"The reality is they are value seekers looking for situations where they can take advantage," says a banker. "They are not going to be putting up much in primary, but they are probably useful in the growing up of our market - I see it as a positive."
It is not just European hedge funds looking at the European loan market, it is US hedge funds as well. And with leveraged cable deals hitting the market, such as NTL and Cablecom, hedge funds may look at participating in those deals on the primary side.
"There is a lot of debt out there and there is a finite capacity for cable assets amongst banks in Europe," says ICML's Anderson. She adds that these deals have the potential to syndicate well. "These cable companies have a maturing corporate profile and they've gone through balance sheet restructurings and should be coming back to market with more reasonable leverage levels."
Institutions flex their muscles
A new feature of the institutional market is an emerging tiering of players. The larger, more prominent investors are now able to take larger tickets of deals, usually in the Eu30m-Eu50m range, and are being shown deals first.
This is the first step towards the funds gaining greater influence in the market.
"Over time, structures will adapt and more directly accommodate institutional demand for European leveraged loan assets," says Barclays' Rajguru.
Some say, however, that this will only happen when institutions are regularly buying over half of any leveraged deal.
In a good fundraising environment, banks are also getting interested in CLOs. Mizuho is raising funding for its first CLO and there are rumours in the market that other banks are mulling the idea as well.
Duke Street Capital, however, is examining the possibility of selling its debt investment business. This news has generated a lot of speculation among CLO investors as to why they are getting out of the business and who might buy it. In 2002 Barclays divested its CDO business, which was purchased by Alchemy Partners and renamed Alcentra.
US investors might consider buying it, since many are looking to get into the European leveraged loan market.
"If a US investor bought it that would be good as it would bring more liquidity into the market and demonstrate confidence in the asset class," says a leveraged loan syndicator in London.
Mezzanine loans are in strong demand as new funds keep appearing and investors are able to take larger tickets.
Bankers predict there will be some of the same differentiation between investors in this asset class as in senior loans.
"For investors sourcing mezzanine there will be differentiating factors - your relationship with the debt and equity providers, your track record in managing mezzanine and the amount of capital you can commit to each deal," says David Forbes-Nixon, chief investment officer and head of European operations at the Alcentra Group.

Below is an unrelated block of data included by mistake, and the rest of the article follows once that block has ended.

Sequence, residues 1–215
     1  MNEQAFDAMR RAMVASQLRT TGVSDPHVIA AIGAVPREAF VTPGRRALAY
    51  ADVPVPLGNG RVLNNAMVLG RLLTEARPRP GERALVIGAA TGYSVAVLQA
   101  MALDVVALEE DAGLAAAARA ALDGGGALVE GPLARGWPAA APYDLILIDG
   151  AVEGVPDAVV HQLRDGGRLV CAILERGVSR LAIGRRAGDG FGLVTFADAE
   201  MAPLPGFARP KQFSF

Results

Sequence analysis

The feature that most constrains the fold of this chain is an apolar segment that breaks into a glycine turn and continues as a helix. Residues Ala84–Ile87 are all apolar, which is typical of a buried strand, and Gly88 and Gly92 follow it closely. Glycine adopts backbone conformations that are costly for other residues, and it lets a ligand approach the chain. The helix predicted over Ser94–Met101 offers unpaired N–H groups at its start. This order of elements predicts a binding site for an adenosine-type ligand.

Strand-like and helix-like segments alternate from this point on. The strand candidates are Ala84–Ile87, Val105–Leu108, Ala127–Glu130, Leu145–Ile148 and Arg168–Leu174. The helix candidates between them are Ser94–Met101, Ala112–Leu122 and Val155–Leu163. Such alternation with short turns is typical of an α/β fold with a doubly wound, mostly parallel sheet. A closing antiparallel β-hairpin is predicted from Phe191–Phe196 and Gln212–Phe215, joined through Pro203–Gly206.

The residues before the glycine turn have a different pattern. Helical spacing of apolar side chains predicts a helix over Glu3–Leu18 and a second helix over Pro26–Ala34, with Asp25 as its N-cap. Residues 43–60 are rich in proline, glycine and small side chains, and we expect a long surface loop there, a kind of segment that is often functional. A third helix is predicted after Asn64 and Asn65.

"This year it could potentially be even harder for investors to source mezzanine," says Matthew Previte, executive director in leveraged finance syndications at WestLB in London. "It seems as though everyone is taking pieces - CDOs, banks and specialists."
As they increase in numbers and can hold more and more debt, investors in mezzanine are starting to talk to sponsors about getting more call protection.
Private equity houses see the minimal call protection on mezzanine debt as one of its main advantages over high yield subordinated bonds and it will be interesting to see if they view this as a realistic request. Typically the call protection mezzanine investors get is 103% of par in the first year, 102% of par in the second and 101% in the third year.
"We should have some protection on the mezzanine, particularly on a recap, because we are giving the equity a return and the next likely event is an exit," says Nick Petrusic, director at GSC Partners.
Forbes-Nixon agrees that it would be nice to see more protection. "The best names refinance early," he says.
Greater call protection would be more difficult to achieve in a traditional first time buy-out, however.
Exploring new territories
WIth demand for mezzanine particularly hot at the moment, mezzanine specialist funds have continued to look for fresh opportunities outside their traditional stamping grounds.
ICG announced in February that it is opening an office in Madrid to capitalise on the growing leveraged buy-out market there. Although it has been doing deals in southern Europe for a while, ICG expects the Spanish market to double in the next three years and believes having a permanent presence on the ground will give it a competitive advantage.
Separately, Mezzanine Management launched a fund to focus on eastern Europe last year and in February announced its second investment in the region. It provided a mix of equity and mezzanine to Lux-Med, a private healthcare company in Poland.
The fund's first investment was made early in 2003, in which the new fund, called Accession Capital Management, provided funding for the buy-out of the Hungarian national commercial radio station Danubius Radio, with equity from Advent International.